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'[OT] 4-electrode conductivity meter circuit'
1999\04\13@014320 by Peter Grey

picon face
Does anyone know of a site where the principles of this 4-electrode
technology is explained and a circuit to show how it is done.

TIA


Peter

1999\04\13@105842 by Richard Martin

picon face
I don't know of a "site", but the principles were pretty simple.
Two terminals supplied a <high> current to the object under
test D.U.T.  The magnitude of the current was the controlled variable
so contact resistances (and the induced voltages)didn't perturb that
value. The other two terminals measured (with high impedance)
the voltage resulting from the applied currents. Since this
'took' negligible current from the D.U.T. it did not
steal current from that applied, and (more importantly) didn't
add in its own (ohmic at least) voltage errors. I don't recall
there being much 'magic' to all this, other than some attention
to thermal  (dissimilar metal thermocouple effects if not
balanced) and in extreme cases chemical effects on the voltage
probes.

Probably the 'last word' on this is the "Review of Scientific
Instruments"  R.S.I. Journal at your local university, where
sensor and measurement issues are carried out a few more decimal
places than elswhere. Also N.I.S.T. pubs (formerly Nat. Bureau
of Standards) which are in part online.

1999\04\13@112136 by Wagner Lipnharski

picon face
The 4 conductor resistance metering system is being used for long in the
industry, mainly in RTD devices, and low value resistance.

When measuring resistance, the meter needs to supply a small or large
current, enough to generate a voltage drop on the resistance under
measurement, enough to be read by the device voltmeter and indicate the
representative resistance values.   You know that wires and connections
have their own resistance, so the current through the circuit would also
generate voltage drops over those points too.  If the voltmeter measures
the voltage drop internally, it would be measuring not only the voltage
generated over the resistance under measurement, but adding all the
small voltages generated everywhere, so the real voltage measured is
higher than the real one over the resistance under measurement. It means
that the voltmeter would be indicating a wrong "relative" resistance.

For example, suppose the meter supply a loop of 1 ma across the
resistance under measurement.  If the resistance value is 20 Ohms, the
voltage generated across it would be 20 x 0.001 = 0.02 Volts, now,
suppose the connections and probe wires offer a total of 3 Ohms, the
same 1 ma current would generate a voltage on wires and connections
equal to 3 x 0.001 = 0.003 Volts.  Now, if the voltmeter measures the
voltage right at the internal posts where the 1 ma goes out the
instrument, it would be measuring all the external voltage, that would
be equal to the sum of 0.02 plus 0.003 Volts, so 0.023 Volts.  When the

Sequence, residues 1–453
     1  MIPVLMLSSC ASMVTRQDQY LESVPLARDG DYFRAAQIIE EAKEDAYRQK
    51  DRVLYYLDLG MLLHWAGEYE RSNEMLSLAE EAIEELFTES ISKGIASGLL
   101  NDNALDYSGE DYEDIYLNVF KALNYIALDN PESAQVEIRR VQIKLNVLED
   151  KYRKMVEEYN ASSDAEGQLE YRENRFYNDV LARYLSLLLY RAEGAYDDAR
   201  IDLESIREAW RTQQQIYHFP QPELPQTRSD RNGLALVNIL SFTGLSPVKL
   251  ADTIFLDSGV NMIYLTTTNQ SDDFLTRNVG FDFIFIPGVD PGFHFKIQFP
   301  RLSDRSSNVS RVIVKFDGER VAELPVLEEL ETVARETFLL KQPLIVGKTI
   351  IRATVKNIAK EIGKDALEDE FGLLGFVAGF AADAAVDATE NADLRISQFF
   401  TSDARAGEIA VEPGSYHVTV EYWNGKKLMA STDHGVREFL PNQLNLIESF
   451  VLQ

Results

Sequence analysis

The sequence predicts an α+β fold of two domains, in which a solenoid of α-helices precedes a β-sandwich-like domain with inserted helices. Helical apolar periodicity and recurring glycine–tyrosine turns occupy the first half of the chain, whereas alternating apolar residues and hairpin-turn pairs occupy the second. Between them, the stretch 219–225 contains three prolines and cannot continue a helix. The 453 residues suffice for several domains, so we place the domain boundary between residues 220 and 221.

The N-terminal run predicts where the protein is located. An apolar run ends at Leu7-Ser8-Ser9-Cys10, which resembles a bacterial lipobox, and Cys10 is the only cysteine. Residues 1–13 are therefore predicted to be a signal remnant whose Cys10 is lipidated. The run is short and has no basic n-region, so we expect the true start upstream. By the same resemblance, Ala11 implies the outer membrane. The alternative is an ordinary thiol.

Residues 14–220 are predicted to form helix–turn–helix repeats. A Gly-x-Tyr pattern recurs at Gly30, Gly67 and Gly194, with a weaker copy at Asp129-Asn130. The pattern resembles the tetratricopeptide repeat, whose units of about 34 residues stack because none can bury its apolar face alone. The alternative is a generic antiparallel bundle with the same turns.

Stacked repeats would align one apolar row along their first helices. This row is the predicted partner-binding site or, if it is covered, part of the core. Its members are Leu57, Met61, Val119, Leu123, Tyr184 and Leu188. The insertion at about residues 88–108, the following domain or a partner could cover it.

unit "calculates" the resistance based on Voltage/Current, it would
indicate 0.023/0.001 = 23 Ohms, that is wrong (resistance under
measurement is 20 Ohms).

To avoid this problem, the 4 wires device use two wires to supply the
current, and other 2 just to "measure" the voltage directly over the
resistance under measurement.  It means that the supply current wires
can have several ohms and generate voltage on wires and connections, but
the voltage generated over the resistance under measurement would be
always the same, just 0.02 Volts.  It works the same as if you have a
voltmeter connected directly over the resistance.

There are the possibility to use only 3 wires instead 4. It works this
way: Suppose wires #1 and #2 supply the current, while the pair #1 and
#3 is used to measure the voltage.  The unit also measure the voltage on
posts #1 and #2 (will be a higher voltage than #1 and #3), so it
subtract one from another and this difference would be the voltage drop
over the wire #2 and its connections.  Considering that probably the
wire #1 and its connections would have the same kind of resistance from
wire #2, that difference (V#1#2 - V#1#3) is reduced from the voltage at
#1 and #3 again (2 x V#1#3 - V#1#2) , so it goes to be very close to the
real voltage over the resistance.

Wagner.

Richard Martin wrote:
{Quote hidden}

1999\04\16@145659 by tefan Ranguelov

flavicon
face
Hi Peter!


Go to :

http://www.keithley.com/

and try to order their free book 'Low Level Measurements'
(Precision CD Current, Voltage and Resittance Measurements)
I has some good explainations.

Wagner Lipnharski wrote:
...
>
> When measuring resistance, the meter needs to supply a small or large
> current, enough to generate a voltage drop on the resistance under
> measurement, enough to be read by the device voltmeter and indicate the
> representative resistance values.   You know that wires and connections
...


If you want to measure resistance, the above description is
the correct one.

For measuring resitivity (in Ohm x cm)  of flat, homogeneous in
thickness
and arbitrary shaped materials such as semiconductors and foils the 'van
der
Pauw' Method can be  used. (Also described in the book mentioned above)
The
dimension of the sample and the spacing ot the contacts are not
important.
It uses 4 probes on the edges of the sample, makes 8 measurments and
calculates ro.

Hope, this helps.
Stefan.

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